After their video was played on MTV, they became an even bigger club band, up and down the eastern seaboard, particularly among college students.


Most of their songs — including their “teen death” anthem “My Baby’s the Star of a Driver’s Ed Movie,” and “She’s Got a Big Boyfriend,” a cautionary tale about dating somebody else’s girl — were considered novelty or “party” songs because they skewered popular genres like heavy metal, surf rock and lounge acts.


In 1982, Blue Öyster Cult guitarist Buck Dharma — B.O.C.’s manager Sandy Pearlman had wanted them to have unusual stage names, but Long Island, NY-native Donald Roeser’s was the only one that stuck — wandered into their recording studio.

Dharma heard them playing “Metal Head,” which parodies heavy metal fanatics, and Blotto were able to convince him to sit in on the track, adding a guitar solo.


Dharma ended up producing the song — which appeared on their album Combo Akimbo, charting at #1 on college radio stations throughout the Northeast — and even made a cameo appearance in their video.

Dharma then asked Blotto to open for Blue Öyster Cult on their upcoming tour, and he and Blotto’s guitarist, Broadway Blotto, ended up co-writing “Dragon Lady,” a track on B.O.C.’s The Revolution By Night.

B.O.C. producer Bob Clearmountain was behind the boards for Blotto’s next single, the drive-in makeout tune “When The Second Feature Starts.”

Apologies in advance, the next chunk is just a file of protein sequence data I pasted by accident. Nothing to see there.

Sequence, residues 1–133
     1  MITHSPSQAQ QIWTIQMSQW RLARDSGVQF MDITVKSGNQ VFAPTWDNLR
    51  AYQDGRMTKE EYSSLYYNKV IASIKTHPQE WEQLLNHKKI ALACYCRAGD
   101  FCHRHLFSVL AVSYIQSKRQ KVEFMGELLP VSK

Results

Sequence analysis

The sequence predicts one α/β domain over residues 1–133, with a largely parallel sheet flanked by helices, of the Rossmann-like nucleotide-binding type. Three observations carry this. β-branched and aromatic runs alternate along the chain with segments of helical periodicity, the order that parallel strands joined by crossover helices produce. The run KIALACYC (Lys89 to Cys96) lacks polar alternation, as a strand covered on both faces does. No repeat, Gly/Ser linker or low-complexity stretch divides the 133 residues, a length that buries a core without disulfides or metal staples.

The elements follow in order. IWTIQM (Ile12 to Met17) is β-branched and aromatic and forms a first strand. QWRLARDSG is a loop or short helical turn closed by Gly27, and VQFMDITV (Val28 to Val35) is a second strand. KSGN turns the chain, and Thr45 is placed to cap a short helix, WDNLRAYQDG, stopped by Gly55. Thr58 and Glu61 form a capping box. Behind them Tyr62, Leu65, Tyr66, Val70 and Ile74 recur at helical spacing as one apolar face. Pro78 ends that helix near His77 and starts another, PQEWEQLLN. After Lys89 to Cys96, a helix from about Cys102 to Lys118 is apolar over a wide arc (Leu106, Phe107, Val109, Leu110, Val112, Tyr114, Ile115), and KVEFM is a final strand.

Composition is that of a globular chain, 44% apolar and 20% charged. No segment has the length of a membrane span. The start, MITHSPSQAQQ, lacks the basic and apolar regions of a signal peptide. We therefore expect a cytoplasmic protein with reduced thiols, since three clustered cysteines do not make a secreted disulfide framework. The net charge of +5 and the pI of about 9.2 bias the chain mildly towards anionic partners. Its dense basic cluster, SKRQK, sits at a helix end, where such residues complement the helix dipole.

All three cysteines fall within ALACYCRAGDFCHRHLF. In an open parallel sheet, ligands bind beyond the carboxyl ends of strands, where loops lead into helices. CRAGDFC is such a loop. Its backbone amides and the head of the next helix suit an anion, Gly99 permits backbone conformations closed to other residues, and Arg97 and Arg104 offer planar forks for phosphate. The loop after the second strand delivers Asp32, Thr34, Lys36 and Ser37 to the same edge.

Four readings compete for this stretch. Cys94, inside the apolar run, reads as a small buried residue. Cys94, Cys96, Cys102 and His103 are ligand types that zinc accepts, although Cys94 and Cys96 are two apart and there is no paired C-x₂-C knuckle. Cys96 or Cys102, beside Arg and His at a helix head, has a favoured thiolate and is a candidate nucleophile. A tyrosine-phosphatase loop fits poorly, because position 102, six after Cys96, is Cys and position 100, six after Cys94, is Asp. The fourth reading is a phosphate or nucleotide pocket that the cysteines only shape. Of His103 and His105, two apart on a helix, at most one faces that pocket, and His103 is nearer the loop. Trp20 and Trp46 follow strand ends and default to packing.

At some point during the early ’80s, Blotto had even attracted the attention of actor Burt Ward (yes, “Robin” on TV’s “Batman” series), who became their manager.

However, even with all the local success and constant touring — not to mention the stories and articles in Rolling Stone, Trouser Press, and Penthouse, airplay on Dr. Demento’s nationally-syndicated radio show, and a handful of appearances on TV shows like “Uncle Floyd Show,” and Mike Douglas’ nationally-syndicated TV talk show — they never managed to sign to a major record company, even though both Atlantic Records and Boardwalk Records were interested.


Blotto ended up self-releasing all of their albums, singles & EPs on their own label, which was distributed by Peter Pan Records, who were better known for selling children’s albums and “jazzercize” recordings.

A VHS home video featuring “I Wanna Be A Lifeguard,” “Metal Head” and “I Quit” was also distributed as a Sony “Video 45.”

Blotto finally ended up calling it a day — except for the occasional reunion gig — in 1984.

Watch Blotto’s “Metal Head” video — included in our June 21, 1983 episode, which also features interviews with Blue Öyster Cult’s Allen Lanier and Joe Bouchard, and performances by Black Sabbath and lots of other great bands — over on Night Flight Plus!


About Bryan Thomas

Bryan Thomas has been a freelancing writer/critic for All Music Guide, and a contributor to Launch, Music Connection, Big Takeover and numerous other publications and entertainment websites, blogs and zines, most of them long gone. He's written more than sixty sets of liner notes. He’s also worked for over twenty years at mostly reissue record labels -- prior to that he worked in bookstores and record stores, going all the way back to the original vinyl daze. He lives in the Miracle Mile neighborhood of Los Angeles, CA.